This is what Bush has done to the economy. This is the legacy of so-called "tax cuts for the rich." Do you really want the Democrats to take us in a "new direction"? What other direction might that be? There's only one.

But don't tell that to the Democratic contenders for the White House:
All of the major Democratic presidential candidates would allow President Bush's tax cuts for wealthier households to lapse. Most support raising the cap on income subject to Social Security taxes. Some want to raise taxes on capital gains and other investment income.

On Capitol Hill, a leading Democrat -- House Ways and Means Committee Chairman Charles B. Rangel of New York -- has proposed an additional tax on wealthy people and a levy on hedge fund managers to help pay for easing the tax burden on the middle class.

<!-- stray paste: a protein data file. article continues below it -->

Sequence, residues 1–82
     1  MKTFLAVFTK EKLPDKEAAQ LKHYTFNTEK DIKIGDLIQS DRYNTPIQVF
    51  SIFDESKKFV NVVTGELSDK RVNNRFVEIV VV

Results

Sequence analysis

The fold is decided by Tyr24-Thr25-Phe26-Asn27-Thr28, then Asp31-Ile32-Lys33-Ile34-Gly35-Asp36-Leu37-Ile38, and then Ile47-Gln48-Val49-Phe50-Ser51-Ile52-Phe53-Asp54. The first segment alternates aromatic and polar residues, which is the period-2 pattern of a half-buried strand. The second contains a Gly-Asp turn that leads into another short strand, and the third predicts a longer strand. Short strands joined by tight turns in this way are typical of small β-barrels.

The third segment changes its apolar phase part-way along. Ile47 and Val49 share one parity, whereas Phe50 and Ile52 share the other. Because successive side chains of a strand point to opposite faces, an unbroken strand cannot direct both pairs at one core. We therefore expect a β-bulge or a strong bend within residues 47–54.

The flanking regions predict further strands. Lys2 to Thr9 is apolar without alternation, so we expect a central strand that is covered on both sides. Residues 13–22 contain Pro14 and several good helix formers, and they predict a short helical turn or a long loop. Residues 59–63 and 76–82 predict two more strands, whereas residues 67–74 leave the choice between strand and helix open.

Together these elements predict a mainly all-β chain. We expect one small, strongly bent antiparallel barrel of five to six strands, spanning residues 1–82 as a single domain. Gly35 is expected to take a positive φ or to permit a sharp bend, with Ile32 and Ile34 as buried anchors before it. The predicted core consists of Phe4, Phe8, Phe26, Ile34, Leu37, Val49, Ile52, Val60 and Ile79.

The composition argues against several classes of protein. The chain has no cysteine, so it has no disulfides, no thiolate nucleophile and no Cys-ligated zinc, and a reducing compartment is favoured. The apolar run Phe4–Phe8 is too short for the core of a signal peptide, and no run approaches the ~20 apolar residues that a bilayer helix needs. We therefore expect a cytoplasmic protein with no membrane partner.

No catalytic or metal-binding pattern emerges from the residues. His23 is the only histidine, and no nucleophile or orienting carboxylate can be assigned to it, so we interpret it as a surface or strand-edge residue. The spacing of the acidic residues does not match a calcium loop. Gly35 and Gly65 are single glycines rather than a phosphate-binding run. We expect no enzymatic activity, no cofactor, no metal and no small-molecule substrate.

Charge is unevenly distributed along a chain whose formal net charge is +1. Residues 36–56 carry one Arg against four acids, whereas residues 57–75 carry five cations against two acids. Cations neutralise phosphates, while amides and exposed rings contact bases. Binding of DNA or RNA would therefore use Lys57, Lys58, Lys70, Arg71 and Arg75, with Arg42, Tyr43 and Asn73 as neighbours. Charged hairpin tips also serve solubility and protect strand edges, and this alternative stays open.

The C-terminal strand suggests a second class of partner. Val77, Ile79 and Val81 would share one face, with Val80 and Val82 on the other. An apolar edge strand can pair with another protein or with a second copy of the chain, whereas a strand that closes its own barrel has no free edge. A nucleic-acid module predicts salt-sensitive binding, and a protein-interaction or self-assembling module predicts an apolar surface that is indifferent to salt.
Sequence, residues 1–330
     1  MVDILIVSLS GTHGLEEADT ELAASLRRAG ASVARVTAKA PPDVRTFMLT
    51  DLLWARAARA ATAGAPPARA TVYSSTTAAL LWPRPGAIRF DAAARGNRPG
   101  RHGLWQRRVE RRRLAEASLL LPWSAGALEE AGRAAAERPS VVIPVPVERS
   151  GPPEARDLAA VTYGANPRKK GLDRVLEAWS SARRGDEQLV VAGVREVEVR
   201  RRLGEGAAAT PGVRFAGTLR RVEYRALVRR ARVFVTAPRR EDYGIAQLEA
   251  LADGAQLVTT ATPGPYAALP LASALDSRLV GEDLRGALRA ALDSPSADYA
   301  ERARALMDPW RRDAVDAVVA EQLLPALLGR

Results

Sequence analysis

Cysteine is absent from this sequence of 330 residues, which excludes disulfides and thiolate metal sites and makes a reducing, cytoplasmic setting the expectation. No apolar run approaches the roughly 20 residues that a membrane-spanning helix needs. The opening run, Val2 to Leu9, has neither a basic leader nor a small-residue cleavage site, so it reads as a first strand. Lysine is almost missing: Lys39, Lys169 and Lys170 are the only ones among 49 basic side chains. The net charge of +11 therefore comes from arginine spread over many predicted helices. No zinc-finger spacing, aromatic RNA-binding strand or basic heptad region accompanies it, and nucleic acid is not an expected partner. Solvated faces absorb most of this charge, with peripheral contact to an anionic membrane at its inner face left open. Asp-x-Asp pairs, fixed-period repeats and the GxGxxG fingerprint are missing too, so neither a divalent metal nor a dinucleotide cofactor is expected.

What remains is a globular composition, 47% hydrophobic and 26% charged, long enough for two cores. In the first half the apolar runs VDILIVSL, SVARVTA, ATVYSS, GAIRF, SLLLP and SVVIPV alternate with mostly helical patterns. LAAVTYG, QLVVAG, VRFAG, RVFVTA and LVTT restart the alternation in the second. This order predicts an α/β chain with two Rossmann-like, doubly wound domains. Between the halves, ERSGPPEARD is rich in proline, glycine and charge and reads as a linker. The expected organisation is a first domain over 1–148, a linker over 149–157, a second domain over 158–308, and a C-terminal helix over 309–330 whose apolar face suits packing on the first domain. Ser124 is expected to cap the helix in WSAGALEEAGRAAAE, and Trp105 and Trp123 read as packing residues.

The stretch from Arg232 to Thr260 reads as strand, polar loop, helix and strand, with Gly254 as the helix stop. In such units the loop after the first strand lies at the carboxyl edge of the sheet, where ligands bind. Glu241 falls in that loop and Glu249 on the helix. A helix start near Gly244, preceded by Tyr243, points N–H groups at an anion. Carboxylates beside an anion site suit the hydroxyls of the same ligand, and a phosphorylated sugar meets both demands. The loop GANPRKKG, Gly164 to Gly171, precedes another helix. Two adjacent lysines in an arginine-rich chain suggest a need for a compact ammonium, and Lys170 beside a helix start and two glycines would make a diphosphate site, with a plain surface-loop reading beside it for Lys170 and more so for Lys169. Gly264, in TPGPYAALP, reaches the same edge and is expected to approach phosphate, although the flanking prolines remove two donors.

Because nothing says "growth" like destroying incentives to work harder and earn more.

Why do "liberals" insist on pushing policies that have proven over and over and over again to lower tax revenues, curtail private investment, and shrink the economy?

It's the Politics of Envy. There's nothing unfair about making more money if you work harder or perform a service or manufacture a good that's more valuable -- particularly when, by any measure, you end up paying a disproportionately high amount (in gross and percentage terms) of your income in taxes. But the majority of people don't excel. And they get jealous. And so Democrats nurture that jealousy, engineer policies designed to reward it, and collect the votes. And then things happen like, say, the Carter administration.

But only if we let them.

Thursday, November 01, 2007

History Writ Large